: I've started watching (on DVD) a PBS series called Justice
in which Professor Michael Sandel discusses a number of moral/legal dilemmas and stimulates debate among his audience.
In one of the episodes, he discussed the old English case of The Queen vs. Dudley and Stevens. If you want to know all the facts of the case, you can go here
, but if you want a quick version, assume these facts:
1. The English yacht Mignonette sets sail with four passengers: Dudley (the captain), Stevens (the first mate), Brooks and Parker (the cabin boy.)
2. The yacht sinks in a storm and the four are adrift for days in a life raft.
3. The crew runs out of food and after being at sea for about 18 days, the subject of cannibalism to stay alive is discussed. Dudley and Stevenson consider a lottery to select who the first to be eaten will be, but Brooks wants no part of it.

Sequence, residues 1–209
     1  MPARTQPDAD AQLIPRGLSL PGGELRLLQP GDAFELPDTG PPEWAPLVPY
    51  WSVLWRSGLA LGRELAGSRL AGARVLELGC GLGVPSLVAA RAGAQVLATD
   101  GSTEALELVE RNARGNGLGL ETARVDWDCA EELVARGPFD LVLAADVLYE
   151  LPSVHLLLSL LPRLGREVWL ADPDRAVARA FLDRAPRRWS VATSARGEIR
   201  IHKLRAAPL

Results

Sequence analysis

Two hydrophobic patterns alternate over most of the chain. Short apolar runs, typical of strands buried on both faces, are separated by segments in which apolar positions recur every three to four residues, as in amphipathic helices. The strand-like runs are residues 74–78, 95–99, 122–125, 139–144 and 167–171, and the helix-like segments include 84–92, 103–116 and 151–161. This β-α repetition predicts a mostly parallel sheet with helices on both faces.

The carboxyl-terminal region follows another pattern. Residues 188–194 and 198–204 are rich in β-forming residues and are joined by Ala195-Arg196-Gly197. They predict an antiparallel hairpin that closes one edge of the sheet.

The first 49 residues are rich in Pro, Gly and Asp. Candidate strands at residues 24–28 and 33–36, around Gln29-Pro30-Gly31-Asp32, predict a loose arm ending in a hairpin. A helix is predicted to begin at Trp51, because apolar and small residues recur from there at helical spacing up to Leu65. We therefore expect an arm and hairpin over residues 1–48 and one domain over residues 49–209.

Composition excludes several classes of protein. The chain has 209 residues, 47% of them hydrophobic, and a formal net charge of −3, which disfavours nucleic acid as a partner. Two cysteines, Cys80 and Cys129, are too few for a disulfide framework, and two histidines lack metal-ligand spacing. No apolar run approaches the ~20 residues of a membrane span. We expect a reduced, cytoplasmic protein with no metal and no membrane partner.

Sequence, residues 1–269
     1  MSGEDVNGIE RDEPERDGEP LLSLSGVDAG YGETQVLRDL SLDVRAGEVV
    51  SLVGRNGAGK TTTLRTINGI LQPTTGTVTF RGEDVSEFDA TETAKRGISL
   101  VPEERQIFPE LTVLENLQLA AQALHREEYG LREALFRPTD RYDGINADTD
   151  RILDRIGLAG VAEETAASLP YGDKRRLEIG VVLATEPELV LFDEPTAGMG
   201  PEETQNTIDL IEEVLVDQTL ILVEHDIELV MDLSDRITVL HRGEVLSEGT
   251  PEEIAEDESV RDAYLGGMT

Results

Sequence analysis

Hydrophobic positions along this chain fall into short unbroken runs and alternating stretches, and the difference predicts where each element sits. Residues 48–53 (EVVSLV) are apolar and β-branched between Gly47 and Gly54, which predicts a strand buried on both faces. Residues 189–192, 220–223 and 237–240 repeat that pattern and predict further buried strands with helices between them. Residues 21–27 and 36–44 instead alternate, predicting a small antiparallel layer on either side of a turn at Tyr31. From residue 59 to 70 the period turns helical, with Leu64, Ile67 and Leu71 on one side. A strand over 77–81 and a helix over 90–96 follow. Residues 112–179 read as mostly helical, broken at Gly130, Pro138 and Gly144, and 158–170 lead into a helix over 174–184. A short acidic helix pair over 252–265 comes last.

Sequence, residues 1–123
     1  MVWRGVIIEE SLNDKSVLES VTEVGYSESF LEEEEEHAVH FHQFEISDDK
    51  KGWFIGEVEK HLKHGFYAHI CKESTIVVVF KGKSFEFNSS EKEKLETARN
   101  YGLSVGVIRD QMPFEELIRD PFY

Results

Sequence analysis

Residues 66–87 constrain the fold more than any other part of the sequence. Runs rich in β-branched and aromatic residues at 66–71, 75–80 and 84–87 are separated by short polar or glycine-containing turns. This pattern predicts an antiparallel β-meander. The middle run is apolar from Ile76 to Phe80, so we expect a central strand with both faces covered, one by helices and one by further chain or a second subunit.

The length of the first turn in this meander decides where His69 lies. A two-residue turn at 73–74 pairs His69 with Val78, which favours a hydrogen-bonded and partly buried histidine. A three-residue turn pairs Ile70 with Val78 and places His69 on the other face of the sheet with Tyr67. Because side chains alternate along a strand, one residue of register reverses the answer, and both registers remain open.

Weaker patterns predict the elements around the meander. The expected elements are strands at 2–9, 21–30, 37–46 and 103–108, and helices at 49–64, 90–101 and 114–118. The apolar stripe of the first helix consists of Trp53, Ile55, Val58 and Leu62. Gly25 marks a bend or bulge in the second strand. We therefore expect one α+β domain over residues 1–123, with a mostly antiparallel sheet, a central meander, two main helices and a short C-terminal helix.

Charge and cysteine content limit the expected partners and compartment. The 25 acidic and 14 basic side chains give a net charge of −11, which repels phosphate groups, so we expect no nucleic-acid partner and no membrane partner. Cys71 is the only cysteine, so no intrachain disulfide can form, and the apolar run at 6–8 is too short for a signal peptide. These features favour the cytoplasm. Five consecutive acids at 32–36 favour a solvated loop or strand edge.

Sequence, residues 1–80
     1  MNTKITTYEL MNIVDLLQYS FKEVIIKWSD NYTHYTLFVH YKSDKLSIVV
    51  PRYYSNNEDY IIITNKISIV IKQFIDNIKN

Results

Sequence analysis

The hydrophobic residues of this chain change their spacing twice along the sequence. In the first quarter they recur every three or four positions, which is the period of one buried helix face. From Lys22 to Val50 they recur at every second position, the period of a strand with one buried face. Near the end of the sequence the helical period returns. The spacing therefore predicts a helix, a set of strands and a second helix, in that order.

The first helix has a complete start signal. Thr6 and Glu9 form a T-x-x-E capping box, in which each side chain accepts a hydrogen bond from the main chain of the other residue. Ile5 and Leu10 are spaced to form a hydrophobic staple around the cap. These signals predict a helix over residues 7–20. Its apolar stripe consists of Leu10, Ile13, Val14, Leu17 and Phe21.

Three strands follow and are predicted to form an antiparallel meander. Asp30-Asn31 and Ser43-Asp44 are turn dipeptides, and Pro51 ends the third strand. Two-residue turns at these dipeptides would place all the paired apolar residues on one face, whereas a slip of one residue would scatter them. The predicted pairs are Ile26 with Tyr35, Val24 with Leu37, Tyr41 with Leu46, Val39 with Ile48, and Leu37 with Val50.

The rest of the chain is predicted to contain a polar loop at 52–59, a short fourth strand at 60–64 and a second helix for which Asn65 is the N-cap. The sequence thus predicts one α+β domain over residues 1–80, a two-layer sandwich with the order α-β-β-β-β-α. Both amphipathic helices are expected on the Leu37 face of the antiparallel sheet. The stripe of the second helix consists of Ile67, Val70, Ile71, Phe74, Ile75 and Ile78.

4. Parker is in a coma, and so Dudley and Stevens agree to kill Parker in order to eat him to survive. While Stevens holds Parker, Dudley kills him with a penknife.
5. Five days later the survivors are rescued. Brooks reports what has happened and Dudley and Stevens are charged with the murder of Parker.
6. Assume that murder is defined as the unlawful killing of another human being with intent to cause that person's death.
7. In their defence, Dudley and Stevens argue the defence of necessity, i.e. that killing Parker was necessary to preserve their own lives.
On those facts, if you are on the jury, do you find Dudley and Stevens guilty of murder?